Each Friday, Baptist Women in Ministry introduces a fabulous minister. This week we are excited to introduce LeAnn Gunter Johns. 

LeAnn, tell us about your ministry journey and the places and ways you have served and are serving.
Upon graduating from McAfee School of Theology thirteen years ago, I transitioned into a full-time ministry position as associate pastor at Peachtree Baptist Church in Atlanta, Georgia. Five years later, in 2008, I moved with my husband, Barry, to Mountain View, California, where I completed a year-long chaplain residency program at the VA hospital in Palo Alto. After the residency program, I had the opportunity to serve as interim pastor of New Community of Faith in San Jose. This unique and loving congregation was an UCC/ABC church. The members taught me so much in the year we spent worshipping and ministering together.

When my husband and I moved to Georgia in 2010, I was pregnant with our first son. For the next few years, I spent time writing curriculum for small groups/churches and doing pulpit supply. In 2012, I helped start a church in Macon, Georgia: St. Clare Baptist Church. For a year and a half, I pastored this small congregation as we met for worship and fellowship each week. Leaving St. Clare due to family obligations was one of the hardest decisions in ministry I faced, but I appreciated the support of colleagues and friends who reminded me that I was not alone and that this would NOT be the last place of service for me.

In the years that have followed, my family and I moved our membership to First Baptist Church of Christ in Macon, and I serve in various roles as a lay person. In 2016, I joined staff of Hospice Care Options as a part-time chaplain. My role is to offer spiritual care to our patients, families, and staff.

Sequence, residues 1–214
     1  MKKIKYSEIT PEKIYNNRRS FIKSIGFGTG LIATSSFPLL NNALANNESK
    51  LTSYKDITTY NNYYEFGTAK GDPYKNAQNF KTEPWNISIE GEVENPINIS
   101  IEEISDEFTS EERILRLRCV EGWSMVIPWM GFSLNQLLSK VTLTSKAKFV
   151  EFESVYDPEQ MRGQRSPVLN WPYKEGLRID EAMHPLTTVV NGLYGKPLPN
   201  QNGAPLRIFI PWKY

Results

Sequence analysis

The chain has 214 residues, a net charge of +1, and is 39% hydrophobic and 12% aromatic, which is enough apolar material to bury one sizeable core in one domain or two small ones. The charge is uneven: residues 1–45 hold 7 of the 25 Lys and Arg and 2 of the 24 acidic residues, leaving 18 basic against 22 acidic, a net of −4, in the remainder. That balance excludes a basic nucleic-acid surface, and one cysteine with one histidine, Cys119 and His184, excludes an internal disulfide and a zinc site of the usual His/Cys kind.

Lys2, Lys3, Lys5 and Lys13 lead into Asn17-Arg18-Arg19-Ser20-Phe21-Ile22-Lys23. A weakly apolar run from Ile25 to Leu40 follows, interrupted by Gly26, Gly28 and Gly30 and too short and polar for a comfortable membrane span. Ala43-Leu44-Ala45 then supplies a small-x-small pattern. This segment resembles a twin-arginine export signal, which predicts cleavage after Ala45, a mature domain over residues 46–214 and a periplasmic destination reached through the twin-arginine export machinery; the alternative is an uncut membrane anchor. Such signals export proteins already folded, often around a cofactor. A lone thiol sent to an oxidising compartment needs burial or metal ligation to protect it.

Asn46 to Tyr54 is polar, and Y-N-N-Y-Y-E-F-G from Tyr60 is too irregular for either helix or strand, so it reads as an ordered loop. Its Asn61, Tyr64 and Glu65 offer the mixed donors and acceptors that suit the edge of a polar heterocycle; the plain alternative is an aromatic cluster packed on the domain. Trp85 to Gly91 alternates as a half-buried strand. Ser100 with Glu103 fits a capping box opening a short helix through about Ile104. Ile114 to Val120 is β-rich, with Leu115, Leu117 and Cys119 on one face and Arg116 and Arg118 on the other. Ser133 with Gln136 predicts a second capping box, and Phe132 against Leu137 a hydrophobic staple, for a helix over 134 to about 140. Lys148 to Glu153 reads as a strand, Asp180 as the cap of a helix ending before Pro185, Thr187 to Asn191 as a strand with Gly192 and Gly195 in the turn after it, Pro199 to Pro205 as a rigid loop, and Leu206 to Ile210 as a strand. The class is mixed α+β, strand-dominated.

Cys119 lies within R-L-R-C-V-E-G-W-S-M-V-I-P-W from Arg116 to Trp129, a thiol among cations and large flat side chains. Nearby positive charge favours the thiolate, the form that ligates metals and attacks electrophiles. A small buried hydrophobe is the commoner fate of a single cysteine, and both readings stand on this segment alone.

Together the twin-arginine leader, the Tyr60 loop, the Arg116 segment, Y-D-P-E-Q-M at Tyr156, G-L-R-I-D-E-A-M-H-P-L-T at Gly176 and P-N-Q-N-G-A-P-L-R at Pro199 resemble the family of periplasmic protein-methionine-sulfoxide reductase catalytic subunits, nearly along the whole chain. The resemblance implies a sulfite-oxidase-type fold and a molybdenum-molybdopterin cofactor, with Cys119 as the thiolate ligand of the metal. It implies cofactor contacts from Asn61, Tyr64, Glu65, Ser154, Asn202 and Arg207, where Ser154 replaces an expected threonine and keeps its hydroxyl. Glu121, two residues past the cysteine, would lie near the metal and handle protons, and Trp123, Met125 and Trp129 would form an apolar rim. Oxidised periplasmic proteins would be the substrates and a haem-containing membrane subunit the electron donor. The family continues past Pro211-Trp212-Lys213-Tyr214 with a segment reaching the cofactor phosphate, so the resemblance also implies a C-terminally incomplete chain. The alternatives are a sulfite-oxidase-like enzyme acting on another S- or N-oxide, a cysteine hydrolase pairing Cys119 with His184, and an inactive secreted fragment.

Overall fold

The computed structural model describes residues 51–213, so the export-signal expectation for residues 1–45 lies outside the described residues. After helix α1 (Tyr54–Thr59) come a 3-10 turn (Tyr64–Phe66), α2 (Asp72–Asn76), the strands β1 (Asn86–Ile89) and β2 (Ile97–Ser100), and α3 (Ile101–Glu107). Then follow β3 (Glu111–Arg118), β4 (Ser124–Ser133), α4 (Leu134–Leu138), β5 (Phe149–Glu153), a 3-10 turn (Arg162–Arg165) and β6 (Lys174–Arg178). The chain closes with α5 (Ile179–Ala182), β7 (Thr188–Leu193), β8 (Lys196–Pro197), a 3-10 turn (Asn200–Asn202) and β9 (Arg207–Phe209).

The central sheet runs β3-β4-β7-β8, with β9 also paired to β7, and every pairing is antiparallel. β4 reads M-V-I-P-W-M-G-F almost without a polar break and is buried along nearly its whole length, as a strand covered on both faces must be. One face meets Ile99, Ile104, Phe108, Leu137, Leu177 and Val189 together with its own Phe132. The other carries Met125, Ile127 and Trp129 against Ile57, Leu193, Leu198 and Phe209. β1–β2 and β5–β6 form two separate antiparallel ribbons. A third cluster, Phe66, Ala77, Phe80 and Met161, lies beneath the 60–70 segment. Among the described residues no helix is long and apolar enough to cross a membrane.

What do you find most rewarding in your ministry as a hospice chaplain?
I am always honored when a family invites hospice into their home and into their loved one’s life during most difficult moments. As a chaplain, I work closely with the one in our care and with their family members, seeking to create holy spaces and conversations during the final days. Two of my favorite parts of this ministry involve helping with the bereavement process. Once a year, I coordinate a memorial service for the families of the patients who have died within the last year. For both our families and staff, the service provides a meaningful time of remembering. We light candles for each loved one who has died and remember them together.

My other favorite part is serving on our camp team. Hospice Care Options offers a free camp, “Camp Good Grief,” opened to all kids in our community who have experienced loss. The children who attend camp teach me far more about loss, love, and resiliency than I could ever teach them, but I’m glad we can provide an opportunity for them to realize that they are not alone in their sadness and loss.

How do you stay healthy, physically and spiritually?
For me, running is the best way I take care of my mind, body, and soul. I enjoy running with a group of girlfriends. I also run in races, because I find it fun to set goals and challenge myself. I also enjoy running alone. Running is a spiritual activity for me—it allows me to focus my thoughts, to pray, and at times to block everything else all out and just run.

Communal worship is a vital part of my spiritual life. I love singing hymns, hearing scripture read, and greeting those around me. I’m grateful to be able to be in worship with my family of faith most every week. Now that my young boys are old enough to join us in worship, it’s a different kind of spiritual practice for me. I seek to listen for what they might be hearing, and I try hard to remember that they are not nearly as loud or disruptive as I might think they are!

What is the best ministry advice you have been given?
My friend and mentor, Dock Hollingsworth, delivered the charge to the candidate at my ordination fourteen years ago. I have always remembered his message that day and his general themes. I recently found a copy of the actual sermon, and I love these words he spoke to me: “Do not miss the magic and mystery of your current service in search of your calling. Your vocation is not tied to your title; your vocation is who you are when you are with us.” His words sum up my sixteen years of ministry. I went to seminary thinking that I would have a ministry “career” that would be linear and would look a certain way. But Dock’s words reminded me that my expectations might be different from my ministry path, and his advice to me that day still rings true today. Whether I’ve held titles or not, whether I’ve been paid for ministry or not, my vocation has never been tied to a position or a pay check. My vocation has been (and I hope will always continue to be) who I am when I am with the people God has called me to be with.